“At” is already marking the beginning of a prepositional phrase. According to the tip previously mentioned, when any time/anytime is immediately preceded with a preposition, then use “any time” to be the noun ending the prepositional phrase. For this reason, “any time” is the correct usage.
To attempt this same tip again:
- Incorrect: “I am free at anytime tomorrow.”
- Correct: “I am free at any time tomorrow.”
However, if one were to remove “at” from the above sentence, the usage changes due to the lack of a prepositional phrase.
- I am free anytime tomorrow.
To test the usage, replace the adverb with its definition:
- I am free at any time tomorrow.
This sentence passes the test, and therefore, “anytime” is the correct usage within the sentence.
As a concluding point, the fact remains that you can use both “any time” and “anytime” interchangeably when they begin a sentence.
- Anytime that works for you will be fine.
- Any time that works for you will be fine.
Both are instances when either usage of the term is correct.
When Not To Use “Anytime”
“Anytime” is limited in that it is not a gradable term, which indicates that it does not have a comparative or superlative form (source). Furthermore, because the term is ambiguous, it cannot compare two verbs in reference to each other like “faster” and “slower” does.
Similarly, it cannot communicate an upper or lower quality limit, as “tallest” or “shortest” accomplishes.
In fact, any attempt to limit “anytime” is an oxymoron. If you’re free anytime in the morning before 10, you are not free anytime in the morning. This is a typical construction as English often describes future plans with adverbs. In the case of the above example, you are saying you are free whenever, as long as it is before 10.
The term is supposed to be vague and, therefore, cannot make any sort of noun or verb assessment within a sentence except to communicate vagueness.
What Can You Use Instead of “Anytime”?
There are times when using synonyms may help aid in understanding the use of the original word. For example, while adverbs may not be tricky in themselves, the fact that you can differentiate “anytime” as both an adverb and a noun phrase, depending on the spelling, can add a layer of complexity that is difficult to navigate.
One synonym that provides a different outlook on “anytime” is “whenever.” This synonym is helpful when communicating that one would like to defer to the time preference of another, which highlights this term as one of indifference.
Perhaps a more surprising term you can use instead is “every time.” While this does not seem to make immediate sense, as “time” in “anytime” is singular and not plural, one may decipher how “every time” can replace “anytime” in an imperative clause (source).
- Anytime the dog tries to escape, hold tightly to his leash.
- Every time the dog tries to escape, hold tightly to his leash.
The sentence is not saying one gets to choose when to hold tight to the leash, but to hold tightly to the leash every time the dog tries to escape. Therefore, “anytime” functions as a clarifying circumstance in this instance. Instead, the adverb modifies the “holding of the leash” to mean whenever the dog attempts to run away.
Another synonym that may serve as a surprise is the phrase “at all” (source). This indicates that “anytime” can also achieve the opposite effect that “every time” does in that the phrase suggests an event will never happen, regardless of the time. For example:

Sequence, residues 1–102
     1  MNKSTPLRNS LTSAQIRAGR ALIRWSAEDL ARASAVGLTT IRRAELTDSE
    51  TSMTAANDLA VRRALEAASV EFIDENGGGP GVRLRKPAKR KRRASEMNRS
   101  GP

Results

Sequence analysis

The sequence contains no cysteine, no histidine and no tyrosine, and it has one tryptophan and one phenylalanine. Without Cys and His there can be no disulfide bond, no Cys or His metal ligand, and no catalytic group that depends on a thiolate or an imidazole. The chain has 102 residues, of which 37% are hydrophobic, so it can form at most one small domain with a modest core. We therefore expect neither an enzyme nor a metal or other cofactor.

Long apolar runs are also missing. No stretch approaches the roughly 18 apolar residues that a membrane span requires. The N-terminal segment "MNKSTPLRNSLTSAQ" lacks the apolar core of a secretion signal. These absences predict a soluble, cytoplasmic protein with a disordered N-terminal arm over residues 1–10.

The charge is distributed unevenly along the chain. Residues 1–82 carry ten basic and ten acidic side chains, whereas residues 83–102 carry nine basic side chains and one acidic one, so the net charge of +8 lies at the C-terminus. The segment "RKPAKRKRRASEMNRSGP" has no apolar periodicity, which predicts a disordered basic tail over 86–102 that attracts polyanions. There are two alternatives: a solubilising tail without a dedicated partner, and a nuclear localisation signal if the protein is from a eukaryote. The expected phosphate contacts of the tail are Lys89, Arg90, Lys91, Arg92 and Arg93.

- You won’t catch me eating broccoli anytime.
- You won’t catch me eating broccoli at all.
Here, we use “anytime” to communicate that the speaker will not eat broccoli at all, as in never. The intended effect is that one may pick any time of day, but the result will be the same.
In short, “anytime” contrasts a solid fact with its ambiguity. Naturally, therefore, it makes the fact of not eating broccoli even more firm and founded.
As a final point, it is critical to note that whenever the definition changes what it is communicating within the given context of the sentence, both “anytime” and “any time” hold that exact definition.
Definition never truly plays a part in which form to use because both, while different grammatically, are the same in etymology. Therefore, the meaning cannot make a difference in choice because they are the same.
Because English uses adverbs like “anytime” often to reference time, a few more examples will help your understanding. As with “anytime,” adverbs most commonly appear after the verb when communicating a reference to time (source).
“Afterward” is an adverb that references a point in time. One could say:
- I won’t clean my room up until afterward.
However, the same rules still apply. The action, cleaning up the room, is followed up by the adverb “afterward.” In this case, one doesn’t even need to know what “afterward” is in reference to for the sentence to be complete, only that afterward follows the action.
For more information on the use and function of afterward, look at the article Which Is Correct: “Afterward” or “Afterwards”?
Adverb Prepositional Phrases
“After” is an adverb when standing alone and a preposition when followed by a noun and adjacent to an adverb. “After” often works in tandem with “anytime.”
One could say:
- I wanted to eat cheesecake anytime after supper.
This article was written for strategiesforparents.com.
In this case, “anytime” is the adverb with the prepositional phrase “after supper” acting adverbially to further describe when “anytime” refers to.
These synonyms and others serve to highlight the flexibility and overall usefulness of the term “anytime.” While one may be tempted to view this term as frustratingly complex, one should recognize that in its complexity, “anytime” serves a plethora of functions within language and speech.
To neglect such a word due to the fact that it changes its spelling is to limit a helpful tool that one can hold in their arsenal when writing. A firm grasp of these types of terms grows one as a writer and gives confidence in one’s command of speech.